The Long Line In White

Pope Francis! 

The name echoes in the news. He rode in Fiat 500s during his visit to New York to Philadelphia. He met with actress Eva Longoria, is said to have a lot in common with singer John Legend,  has his own pop album, Wake Up! and has been dubbed the Tech world’s  secret weapon. So much energy and reverence is attached to those two words. Wyatt North Publishing’s three-volume series A History of the Popes helped me understand why.

Most people throughout the world hold the figure of every leader of the Roman Catholic Church in great esteem. This is done so much so, at times, the people forget that a man exists beneath the white cassock and zuchetto that symbolize the office. The Wyatt North history places the man who sits on the throne of Peter today in broad context. The easily readable text is worthy of exploration because those who indulge its depths will learn a lot about the real nature of the popes who have filled the long white line.

“The history of the men who have held this position is fraught with villainous and heroic actions,” the Introduction to the series asserts. Translation – the stories are told in a direct, yet concise manner. The authors did not waste time with sentimental or maudlin details, which is one of the books’ strengths. As the Introduction also promises, the works allow the reader to become acutely aware of how the papacy has “left a profound impact on the development of civilization as we know it, both in the East and the West.”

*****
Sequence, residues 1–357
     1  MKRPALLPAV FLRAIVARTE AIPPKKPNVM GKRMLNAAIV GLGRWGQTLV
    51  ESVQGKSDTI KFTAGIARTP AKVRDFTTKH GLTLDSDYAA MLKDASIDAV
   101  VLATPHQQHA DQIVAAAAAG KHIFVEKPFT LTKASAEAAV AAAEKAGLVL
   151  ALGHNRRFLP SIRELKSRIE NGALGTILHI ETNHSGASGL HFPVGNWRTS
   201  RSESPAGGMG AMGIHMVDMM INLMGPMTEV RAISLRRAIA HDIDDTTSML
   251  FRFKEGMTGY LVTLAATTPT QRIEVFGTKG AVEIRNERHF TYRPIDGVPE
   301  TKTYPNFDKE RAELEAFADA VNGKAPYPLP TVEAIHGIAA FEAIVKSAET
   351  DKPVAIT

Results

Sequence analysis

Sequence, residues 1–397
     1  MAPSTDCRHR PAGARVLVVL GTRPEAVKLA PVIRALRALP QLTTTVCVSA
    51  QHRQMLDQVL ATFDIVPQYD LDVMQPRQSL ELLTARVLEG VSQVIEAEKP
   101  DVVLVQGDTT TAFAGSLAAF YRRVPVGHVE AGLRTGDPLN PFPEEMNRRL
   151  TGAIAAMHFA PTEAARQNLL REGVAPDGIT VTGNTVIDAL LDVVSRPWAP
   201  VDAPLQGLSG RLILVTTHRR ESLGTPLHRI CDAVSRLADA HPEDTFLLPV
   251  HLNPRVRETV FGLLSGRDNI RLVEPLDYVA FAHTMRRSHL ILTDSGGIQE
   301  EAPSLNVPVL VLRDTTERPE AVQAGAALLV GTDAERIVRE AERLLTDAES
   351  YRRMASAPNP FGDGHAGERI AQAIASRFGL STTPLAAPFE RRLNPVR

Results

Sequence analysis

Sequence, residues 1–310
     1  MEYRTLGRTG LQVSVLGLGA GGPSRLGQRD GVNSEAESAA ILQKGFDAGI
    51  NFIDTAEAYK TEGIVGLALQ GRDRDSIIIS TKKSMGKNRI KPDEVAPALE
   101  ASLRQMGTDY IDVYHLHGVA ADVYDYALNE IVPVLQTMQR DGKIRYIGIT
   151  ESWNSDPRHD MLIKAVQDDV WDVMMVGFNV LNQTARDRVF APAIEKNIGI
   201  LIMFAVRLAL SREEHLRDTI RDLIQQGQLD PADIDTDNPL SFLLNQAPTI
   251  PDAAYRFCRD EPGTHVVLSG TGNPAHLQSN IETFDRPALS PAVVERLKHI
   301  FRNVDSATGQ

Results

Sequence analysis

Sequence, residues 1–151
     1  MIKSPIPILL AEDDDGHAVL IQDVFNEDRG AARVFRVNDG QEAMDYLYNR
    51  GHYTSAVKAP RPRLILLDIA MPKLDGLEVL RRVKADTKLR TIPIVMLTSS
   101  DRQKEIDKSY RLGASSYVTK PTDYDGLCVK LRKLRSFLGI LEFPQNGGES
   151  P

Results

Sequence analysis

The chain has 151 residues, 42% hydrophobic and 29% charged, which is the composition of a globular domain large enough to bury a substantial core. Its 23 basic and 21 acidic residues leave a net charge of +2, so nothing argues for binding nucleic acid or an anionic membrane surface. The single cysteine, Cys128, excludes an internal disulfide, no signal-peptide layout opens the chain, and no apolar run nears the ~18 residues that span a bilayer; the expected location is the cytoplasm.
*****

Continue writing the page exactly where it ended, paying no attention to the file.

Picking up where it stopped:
The book’s treatment of the condemnation of the scholar Origen Adamantius of Alexandria, Egypt, shows that trend in stark detail. The writer, who died in 245 AD is highlighted in story of Pope St. Anastatius I, who reigned from November 399 until he died in 401. The text says Origen “was one of the greatest theologians in the third century,” despite his theories about salvation were once labeled as “unCatholic.” The pope said he taught that “God would save all angels and men.” Modern scholars say that the writer only posed the idea as a speculation.

Even so, the Wyatt North text’s narrative is not as directly dreary as in Brenda Ralph Lewis’ A Dark History: The Popes: Vice, Murder, and Corruption in the Vatican (2011). That said, the pace of the text is less breezy a read than Jesuit Father John W. O’Malley’s A History of the Popes: From Peter to the Present (2011).

A History of the Popes offers stories to attract readers who seek a broad range of interests – action, adventure, piety, bravery, sacrifice, political intrigue, and spirituality. It also provides details that might fascinate readers who never paid much attention to the office. For example, I did not realize that most early popes were declared saints upon their deaths. That made Pope Francis’ 2014 decision to canonize of the late popes John Paul II  and John XXIII seem less extraordinary.

 

 

 

 

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